Watts, Isaac, Dd
Watts, Isaac, D.D.
a celebrated divine and poet, was born at Southampton, England, July 17.1674. His father was the master of a boarding school in that town, a man of strong devotional feeling, and a rigid Nonconformist. He was imprisoned, on account of his Nonconformity, in the time of Charles II; and, during his confinement, his wife sat on a stone at the prison door with Isaac, then an infant, at her breast. Young Watts early displayed a love for books, and imbibed, under the training of his parents, that turn of mind, which prompted him to become a Dissenting minister. He entered upon the study of Latin at four years of age, and very soon after began the study of Greek and Hebrew under the Rev. John Pinhorne, master of the free grammar-school at Southampton. He was very studious, spending for books the little money given him in presents, and devoting his leisure hours to study and reading instead of joining the other boys in play. The progress he made here induced some friends to raise a sum of money sufficient to maintain him at one of the universities; but he decided to remain among the Dissenters, to whom his ancestors had belonged for several generations. Accordingly, in 1690 he was sent to an academy in London kept by Rev. Thomas Rowe, then minister of the Independent meeting-house in Haberdasher's Hall. Here he remained three years, studying with such zeal and application as permanently to injure his health. He allowed himself no time for exercise, and very little for sleep. He used to mark all the books he read, to abridge some, and annotate others of them. Of his classical acquirements at this period, Dr. Johnson says, "Some Latin essays, supposed to have been written as exercises at his academy, show a degree of knowledge both philosophical and theological, such as very few attain even by a much longer course of study." His leisure hours seem to have been early occupied in poetical efforts. — He intimates in his miscellanies that he was a maker of verses from fifteen to fifty. His Latin verses, "written to his brother, in the glyconic measure, at the age of seventeen, are remarkably easy and elegant." He made considerable proficiency in the study of Hebrew, logic, and scholastic divinity; but his acquirements in mathematics and the physical sciences were inconsiderable. In 1693 he joined in communion with the congregation of Mr. Rowe; and in 1694 returned to his father's house, where he spent two years in private study and devotion. It was during this period that the greater part of his hymns, and probably most of his juvenile productions, were composed.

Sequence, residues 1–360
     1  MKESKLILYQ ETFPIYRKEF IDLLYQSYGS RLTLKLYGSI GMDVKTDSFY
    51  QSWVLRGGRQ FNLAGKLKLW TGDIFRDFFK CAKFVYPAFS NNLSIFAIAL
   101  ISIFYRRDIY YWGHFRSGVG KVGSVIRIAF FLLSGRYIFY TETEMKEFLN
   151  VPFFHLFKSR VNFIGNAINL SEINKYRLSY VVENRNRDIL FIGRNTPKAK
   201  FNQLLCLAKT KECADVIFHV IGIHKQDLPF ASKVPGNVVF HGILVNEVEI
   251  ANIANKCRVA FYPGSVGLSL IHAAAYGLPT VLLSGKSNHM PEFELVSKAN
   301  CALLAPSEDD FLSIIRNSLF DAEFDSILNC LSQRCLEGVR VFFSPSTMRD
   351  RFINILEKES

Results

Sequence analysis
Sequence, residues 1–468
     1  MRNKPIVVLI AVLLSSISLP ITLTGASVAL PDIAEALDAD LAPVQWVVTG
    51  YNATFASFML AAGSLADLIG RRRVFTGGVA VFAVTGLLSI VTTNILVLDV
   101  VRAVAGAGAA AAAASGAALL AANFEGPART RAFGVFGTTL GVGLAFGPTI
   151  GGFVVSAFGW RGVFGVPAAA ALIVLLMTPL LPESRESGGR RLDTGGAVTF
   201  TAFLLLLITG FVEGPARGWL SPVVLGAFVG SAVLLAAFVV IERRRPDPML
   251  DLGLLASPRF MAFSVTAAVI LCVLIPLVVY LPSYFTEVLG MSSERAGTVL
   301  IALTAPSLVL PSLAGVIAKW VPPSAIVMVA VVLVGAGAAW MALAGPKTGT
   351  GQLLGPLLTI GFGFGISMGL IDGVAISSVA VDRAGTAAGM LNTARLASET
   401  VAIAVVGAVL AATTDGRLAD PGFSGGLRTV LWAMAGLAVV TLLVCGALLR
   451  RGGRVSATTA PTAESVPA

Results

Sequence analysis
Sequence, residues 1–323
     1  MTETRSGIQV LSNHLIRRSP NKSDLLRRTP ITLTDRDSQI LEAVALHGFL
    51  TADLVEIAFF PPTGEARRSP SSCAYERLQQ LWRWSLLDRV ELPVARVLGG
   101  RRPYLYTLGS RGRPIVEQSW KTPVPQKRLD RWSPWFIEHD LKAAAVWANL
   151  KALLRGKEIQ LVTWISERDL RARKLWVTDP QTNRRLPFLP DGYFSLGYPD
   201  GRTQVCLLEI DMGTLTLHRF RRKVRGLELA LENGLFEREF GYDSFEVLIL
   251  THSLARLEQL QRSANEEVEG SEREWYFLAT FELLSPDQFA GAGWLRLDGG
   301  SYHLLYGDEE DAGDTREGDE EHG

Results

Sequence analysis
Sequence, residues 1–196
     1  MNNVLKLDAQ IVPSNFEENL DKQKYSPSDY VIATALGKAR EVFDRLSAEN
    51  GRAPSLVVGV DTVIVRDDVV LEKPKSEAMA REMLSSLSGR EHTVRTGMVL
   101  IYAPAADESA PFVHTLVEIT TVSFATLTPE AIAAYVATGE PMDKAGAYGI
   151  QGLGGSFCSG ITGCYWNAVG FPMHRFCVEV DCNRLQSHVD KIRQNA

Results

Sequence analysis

At the end of this time he was invited by Sir John Hartopp to reside in his family, at Stoke Newington, near London, as tutor to his son. Here he remained until 1702; but on the completion of his twenty-fourth year (in 1698), he preached his first sermon, and was chosen soon after assistant to Dr. Chauncy, pastor of the Independent Church then meeting at Mark Lane. In 1702 he was persuaded to succeed Dr. Chauncy in the pastoral office; but soon after his entrance upon this charge he was seized with a dangerous illness, which left him with a constitution so greatly impaired that the congregation decided to procure him an assistant. His health returned gradually, and he continued to labor in this field until 1712, when he was seized by a fever so violent and of such continuance that he never fully recovered. While in this afflicting situation he was invited to the house of Sir Thomas Abney, at Theobalds, whither he went expecting to remain a week, but he continued there for thirty-six years the remainder of his life. Here he continued preaching in his Church, overlooking his congregation, or engaging in literary work, as health and inclination prompted him. During the last years of his life, the conduct of some of his near relatives caused him much bitterness of soul, and seemed to so stupefy him that he took but little notice of anything about him. But the worst part of this misconduct was kept, from him. Says a correspondent of Doddridge, "Lady Abney keeps him in peaceful ignorance, and his enemies at a becoming distance; so that in the midst of this cruel persecution he lives comfortably. And when a friend asks how he does, says, 'Waiting God's leave to die.'" In this peaceful state he died, Nov. 25, 1748, and was buried in Bunhill Fields.